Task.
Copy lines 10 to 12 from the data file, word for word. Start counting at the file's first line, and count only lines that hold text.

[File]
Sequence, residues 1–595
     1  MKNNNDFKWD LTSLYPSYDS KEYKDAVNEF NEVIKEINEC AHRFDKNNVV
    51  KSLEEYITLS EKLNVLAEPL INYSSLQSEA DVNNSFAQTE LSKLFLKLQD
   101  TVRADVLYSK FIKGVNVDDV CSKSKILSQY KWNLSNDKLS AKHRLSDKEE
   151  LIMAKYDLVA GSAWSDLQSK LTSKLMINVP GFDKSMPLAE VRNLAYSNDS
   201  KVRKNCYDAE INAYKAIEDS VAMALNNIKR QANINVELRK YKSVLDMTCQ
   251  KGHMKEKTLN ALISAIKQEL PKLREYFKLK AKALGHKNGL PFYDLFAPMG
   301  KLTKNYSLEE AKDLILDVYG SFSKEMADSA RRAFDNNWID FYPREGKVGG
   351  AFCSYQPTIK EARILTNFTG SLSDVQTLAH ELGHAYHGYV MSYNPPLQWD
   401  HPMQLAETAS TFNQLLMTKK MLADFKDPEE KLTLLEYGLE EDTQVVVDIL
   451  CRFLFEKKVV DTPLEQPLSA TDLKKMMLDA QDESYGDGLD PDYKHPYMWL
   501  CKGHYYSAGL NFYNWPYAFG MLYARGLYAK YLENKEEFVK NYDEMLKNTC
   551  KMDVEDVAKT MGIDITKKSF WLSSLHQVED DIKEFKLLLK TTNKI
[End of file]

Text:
   401  HPMQLAETAS TFNQLLMTKK MLADFKDPEE KLTLLEYGLE EDTQVVVDIL
   451  CRFLFEKKVV DTPLEQPLSA TDLKKMMLDA QDESYGDGLD PDYKHPYMWL
   501  CKGHYYSAGL NFYNWPYAFG MLYARGLYAK YLENKEEFVK NYDEMLKNTC